Take a little risk to avoid a bigger one: Managing Disruption
02nd May 2016
Is your business taking action to get ahead of new disruptors? Because it needs to be.
The availability of new technologies has led to a step-change in industry disruption, and New Zealand companies are now beginning to see those from other industries or even start-ups using a new approach to technology to reach customers and take the competitive advantage. You need to start taking small risks or face the bigger risk of direct disruption.
Over the past 20 years, a new breed of business has developed, using digital channels exclusively to offer simple solutions to a customer base. We all know the new poster boys of disruption: Uber, which has grown to become a major threat to the decades-old taxi industry, or Airbnb, which now has more accommodation options in Spain than all of the country’s hotels.
Technology has proven critical for these businesses. One of the major achievements of this movement has been the simplification of business-customer interaction using digital media. We’ve all heard of Apple, Uber, Netflix, Airbnb and Amazon, the customer experience is simple, convenient and in most cases, enjoyable.
So why isn’t every interaction with a business – specifically via digital channels – as effortless or seamless?
That’s what your customers are asking. And that’s the question you need to answer before someone else does.
Disruption: Changing the business environment
With business threats now just as likely to come from start-ups and other industries as they are from your typical competitors, businesses have to contend with a new operating environment.
However, this disruption isn’t actually new. “Creative destruction” is a term that can be traced back to Joseph Schumpeter in the 1940s, describing a process whereby innovative, new entrepreneurial businesses destroy the value of existing companies and usher in periods of economic growth and renewal. Cars replaced carriages, digital cameras replaced film, movie streaming killed video rentals.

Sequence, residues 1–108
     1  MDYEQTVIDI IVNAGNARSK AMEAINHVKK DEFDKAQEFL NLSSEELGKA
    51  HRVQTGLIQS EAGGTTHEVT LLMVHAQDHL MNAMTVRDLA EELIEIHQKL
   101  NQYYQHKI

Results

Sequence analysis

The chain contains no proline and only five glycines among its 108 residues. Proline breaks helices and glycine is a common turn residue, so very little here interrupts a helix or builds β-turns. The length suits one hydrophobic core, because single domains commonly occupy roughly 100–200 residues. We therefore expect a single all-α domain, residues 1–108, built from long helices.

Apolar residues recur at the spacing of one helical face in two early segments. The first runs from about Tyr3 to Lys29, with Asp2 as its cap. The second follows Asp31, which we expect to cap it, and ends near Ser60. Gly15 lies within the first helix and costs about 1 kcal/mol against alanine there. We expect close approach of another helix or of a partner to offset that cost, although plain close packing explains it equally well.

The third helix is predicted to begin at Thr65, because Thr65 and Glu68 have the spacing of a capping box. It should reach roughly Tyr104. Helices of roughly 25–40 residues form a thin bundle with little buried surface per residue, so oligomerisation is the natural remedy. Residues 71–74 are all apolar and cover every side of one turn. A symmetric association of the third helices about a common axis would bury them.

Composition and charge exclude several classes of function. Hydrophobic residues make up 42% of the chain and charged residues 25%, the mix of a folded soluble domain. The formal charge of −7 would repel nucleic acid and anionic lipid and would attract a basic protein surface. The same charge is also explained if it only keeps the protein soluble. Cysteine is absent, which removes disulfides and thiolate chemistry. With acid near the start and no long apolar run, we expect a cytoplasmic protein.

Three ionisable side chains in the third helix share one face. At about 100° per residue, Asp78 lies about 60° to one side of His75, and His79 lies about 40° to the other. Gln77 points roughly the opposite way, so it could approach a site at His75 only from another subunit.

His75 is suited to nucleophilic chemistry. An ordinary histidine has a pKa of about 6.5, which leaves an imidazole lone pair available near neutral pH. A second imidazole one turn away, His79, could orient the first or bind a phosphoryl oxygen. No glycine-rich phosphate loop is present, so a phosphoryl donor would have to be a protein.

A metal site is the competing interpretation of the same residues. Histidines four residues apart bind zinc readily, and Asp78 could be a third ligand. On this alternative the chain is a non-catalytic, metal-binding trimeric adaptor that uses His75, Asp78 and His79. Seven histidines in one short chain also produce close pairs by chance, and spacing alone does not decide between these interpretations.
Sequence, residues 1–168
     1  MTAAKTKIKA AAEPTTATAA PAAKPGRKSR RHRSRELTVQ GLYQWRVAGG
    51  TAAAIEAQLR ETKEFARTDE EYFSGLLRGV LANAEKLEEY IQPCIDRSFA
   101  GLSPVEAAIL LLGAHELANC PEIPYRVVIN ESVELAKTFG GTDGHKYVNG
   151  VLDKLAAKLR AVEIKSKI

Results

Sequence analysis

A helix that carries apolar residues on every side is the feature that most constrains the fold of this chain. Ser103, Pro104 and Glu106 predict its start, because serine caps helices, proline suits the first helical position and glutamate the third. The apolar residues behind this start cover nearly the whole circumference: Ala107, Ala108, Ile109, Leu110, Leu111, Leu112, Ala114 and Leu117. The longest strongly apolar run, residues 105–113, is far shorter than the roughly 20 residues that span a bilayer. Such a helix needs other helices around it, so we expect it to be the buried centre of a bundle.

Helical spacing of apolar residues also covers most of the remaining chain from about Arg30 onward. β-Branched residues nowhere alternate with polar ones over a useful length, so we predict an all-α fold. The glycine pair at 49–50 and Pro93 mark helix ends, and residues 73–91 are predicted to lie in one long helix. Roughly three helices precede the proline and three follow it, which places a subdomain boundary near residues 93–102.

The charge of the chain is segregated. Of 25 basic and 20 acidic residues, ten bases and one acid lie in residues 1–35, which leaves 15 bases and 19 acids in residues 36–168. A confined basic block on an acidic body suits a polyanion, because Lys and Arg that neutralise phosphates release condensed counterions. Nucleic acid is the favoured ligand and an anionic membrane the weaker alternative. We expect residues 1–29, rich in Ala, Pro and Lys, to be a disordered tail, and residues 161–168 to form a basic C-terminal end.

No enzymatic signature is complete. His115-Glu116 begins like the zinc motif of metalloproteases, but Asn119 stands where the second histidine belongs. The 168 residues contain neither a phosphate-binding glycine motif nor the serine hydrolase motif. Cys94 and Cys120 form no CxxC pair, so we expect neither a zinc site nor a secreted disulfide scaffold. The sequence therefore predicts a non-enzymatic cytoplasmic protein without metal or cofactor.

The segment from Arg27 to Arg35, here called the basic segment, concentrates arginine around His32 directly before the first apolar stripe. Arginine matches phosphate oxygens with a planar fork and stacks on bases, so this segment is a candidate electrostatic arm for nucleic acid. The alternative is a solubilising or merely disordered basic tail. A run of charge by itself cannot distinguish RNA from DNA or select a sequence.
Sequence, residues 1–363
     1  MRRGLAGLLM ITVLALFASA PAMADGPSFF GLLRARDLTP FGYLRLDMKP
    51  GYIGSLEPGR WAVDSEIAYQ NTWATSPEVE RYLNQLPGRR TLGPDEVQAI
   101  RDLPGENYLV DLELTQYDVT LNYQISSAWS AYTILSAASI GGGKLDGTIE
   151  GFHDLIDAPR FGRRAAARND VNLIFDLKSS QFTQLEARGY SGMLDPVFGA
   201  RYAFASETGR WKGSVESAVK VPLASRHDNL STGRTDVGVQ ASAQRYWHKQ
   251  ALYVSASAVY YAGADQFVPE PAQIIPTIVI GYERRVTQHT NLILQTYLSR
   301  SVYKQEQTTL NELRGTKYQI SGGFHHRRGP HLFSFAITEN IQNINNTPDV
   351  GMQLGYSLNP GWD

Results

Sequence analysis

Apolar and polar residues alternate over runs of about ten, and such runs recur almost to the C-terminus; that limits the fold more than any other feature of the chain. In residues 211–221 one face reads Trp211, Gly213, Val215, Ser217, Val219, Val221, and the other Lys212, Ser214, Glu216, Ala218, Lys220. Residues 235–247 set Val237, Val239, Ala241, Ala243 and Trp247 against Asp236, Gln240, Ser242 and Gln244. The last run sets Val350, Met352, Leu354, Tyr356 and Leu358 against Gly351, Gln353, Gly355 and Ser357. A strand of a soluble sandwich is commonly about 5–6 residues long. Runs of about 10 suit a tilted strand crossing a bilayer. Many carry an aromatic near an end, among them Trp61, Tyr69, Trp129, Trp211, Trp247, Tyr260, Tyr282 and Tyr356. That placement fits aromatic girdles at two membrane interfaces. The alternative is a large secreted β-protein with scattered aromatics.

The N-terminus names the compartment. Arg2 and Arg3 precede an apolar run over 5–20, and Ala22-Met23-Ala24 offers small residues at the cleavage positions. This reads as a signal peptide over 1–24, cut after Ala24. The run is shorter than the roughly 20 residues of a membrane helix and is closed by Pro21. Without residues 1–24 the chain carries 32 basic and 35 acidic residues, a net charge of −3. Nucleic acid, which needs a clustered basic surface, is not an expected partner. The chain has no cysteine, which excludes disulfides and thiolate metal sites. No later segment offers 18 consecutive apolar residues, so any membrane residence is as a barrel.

What’s new is the speed of disruption and the angles from which it is coming.
Take cloud HR system provider Zenefits, for example. While their free cloud HR software offering is what they do on the surface, they’re actually an insurance broker. Zenefits drives revenue from the insurance benefits that companies offer to their staff through the software. This is completely disruptive to HR system providers, insurance brokers and providers. Not only is it free, but it easily takes over the customer relationship.
Zenefits used digital technologies and new ways of thinking to overhaul the nature of customer interaction. We also note that Zenefit’s recent issues are notable learnings for disruptors pushing regulatory limits too far – creative destruction comes with risks.
Locally, companies aren’t waiting on the sidelines either. Spark created and funded an entire Venture incubation business to explore, develop and bring to market the “over-the-top” digital businesses that other telcos would see as dire competitive threats. They used a combination of design thinking, lean startup and agile development to bring a range of products to market in dramatically shorter time frames than we’d expect from the “Telecom” of old. They took small controlled “risks”to avoid being blindsided by others.
Disruption can be an existential organisational threat (Blockbuster decided Netflix “wasn’t on their competitive radar”), or an opportunity – you just have to make sure you get there first.
Shifting the focus to bring the competitive edge
In light of these new sources and pace of change, are you the one reinventing the way your industry interacts with your customer? Are you confident your technology investments and approaches can keep pace with your objectives for reinvention?
Even once you create the most innovative new solution for your customers, the speed and agility of implementation can make or break your success. New ways of designing and implementing technology mean the traditional way businesses implemented enterprise systems tends to be out-of-date and poorly suited to innovative, customer-centric and agile digital aspirations.
Risk versus opportunity
We often hear people describe these new ways of working or deploying technology as “risky”. But in our opinion, the much bigger risk is organisational complacency and an entrenched inability to evolve. Rather than relying on outdated “best practices,” businesses today need to welcome a wider range of solutions, which in many cases means taking the plunge into new practices like “minimum viable products” and agile prototyping and investing in potentially unknown technologies like mobile or social.
Regardless of sector, the disruptive digital age is certainly here, and it’s going to continue proliferating. It’s an exciting time for New Zealand businesses and existing disruptors like Trade-Me, Harmoney and Xero, but there’s a real need for more traditional businesses to stay ahead of the game.
Download a copy of our Stay Ahead of the Game booklet to learn more.